“Goosebumps” series author R. L. Stine encouraged Ohio State graduates to grab every opportunity that presents itself in life during his address at the 2013 OSU Autumn Commencement ceremony Sunday. Stine also told graduates not to take themselves too seriously and spoke of the criticism he has received from readers, as well as the odd jobs he took on his road to success.
“Just say yes. Say yes to everything,” Stine, an OSU alumnus and Bexley native, said in his address.
More than 3,200 students received degrees, and about 2,400 walked at commencement, held at the Schottenstein Center, said Vice President for OSU Student Life Javaune Adams-Gaston.
In a speech studded with anecdotes, Stine also advised graduates on what he has found to be important.
“Keep your sense of humor,” Stine said. “You really need it, not just when you’re starting out, but even later.”
He said a sense of humor is key because of the unpredictable nature of life.
“Frankly, no one knows how this is going to work out for you,” Stine said. “There are so many moments when the wind changes and something completely unexpected happens, and all of your planning and all your figuring isn’t the whole picture.”
Interim OSU President Joseph A. Alutto also addressed the new graduates, reminding them that while they’re no longer OSU students, they will always be Buckeyes.
“In this one ceremony we celebrate one extraordinary university and one Ohio State family,” Alutto said. “Wherever you go, whatever you do, Ohio State will always be a part of you.”
Alutto also asked the graduates to maintain ties with their alma mater.
“Ohio State will always be privileged to welcome you home,” Alutto said.
Some OSU graduates thought Stine’s speech was fit for the occasion.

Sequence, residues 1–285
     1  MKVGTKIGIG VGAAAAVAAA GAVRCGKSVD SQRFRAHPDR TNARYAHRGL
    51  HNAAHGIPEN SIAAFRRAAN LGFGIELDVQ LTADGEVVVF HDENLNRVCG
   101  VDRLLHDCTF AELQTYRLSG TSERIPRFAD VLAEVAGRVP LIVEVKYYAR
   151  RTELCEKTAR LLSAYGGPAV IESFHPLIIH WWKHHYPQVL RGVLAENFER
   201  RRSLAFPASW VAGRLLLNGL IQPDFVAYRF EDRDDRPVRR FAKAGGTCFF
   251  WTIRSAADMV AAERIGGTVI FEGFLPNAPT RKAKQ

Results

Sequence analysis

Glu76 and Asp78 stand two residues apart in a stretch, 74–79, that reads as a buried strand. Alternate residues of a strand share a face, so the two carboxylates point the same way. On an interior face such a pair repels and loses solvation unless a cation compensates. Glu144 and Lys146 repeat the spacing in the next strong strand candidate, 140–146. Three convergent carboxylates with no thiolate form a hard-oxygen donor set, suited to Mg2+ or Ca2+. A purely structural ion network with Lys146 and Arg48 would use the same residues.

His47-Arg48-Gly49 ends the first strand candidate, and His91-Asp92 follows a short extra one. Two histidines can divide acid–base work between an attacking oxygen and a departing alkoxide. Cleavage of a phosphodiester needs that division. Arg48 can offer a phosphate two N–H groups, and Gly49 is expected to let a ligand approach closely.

Jamie Hay, who graduated with a degree in communication, said while she was initially skeptical of the speaker choice, she was pleasantly surprised.
“(Stine) was funny and poised, and he kept the audience engaged,” Hay said. “(The speech) blew me away. It was amazing.”
Others said the whole ceremony went by quickly.
“For the size, it was a lot better than I expected. It was still long, though,” said Justin Macaulay, who graduated with a degree in economics.
Macaulay said Stine was a good speaker because he was funny.
“He brought some humor, which I really appreciated. Older guys like that have a different sense of humor,” Macaulay said. “He did really well.”
Others were also recognized at the ceremony: Ellen Mosley-Thompson, a professor of geography and director of OSU’s Byrd Polar Research Center, and Lonnie Thompson, professor of earth sciences and senior research scientist at the Byrd Polar Research Center, received the Joseph Sullivant Medal for their research in paleoclimatology, which is a science that studies the climate of past ages.
The medal, according to an OSU College of Arts and Sciences release, is granted every five years to recognize people for notable achievements, including inventions or discoveries.
Listen to an audio recording of R.L. Stine’s commencement address here:
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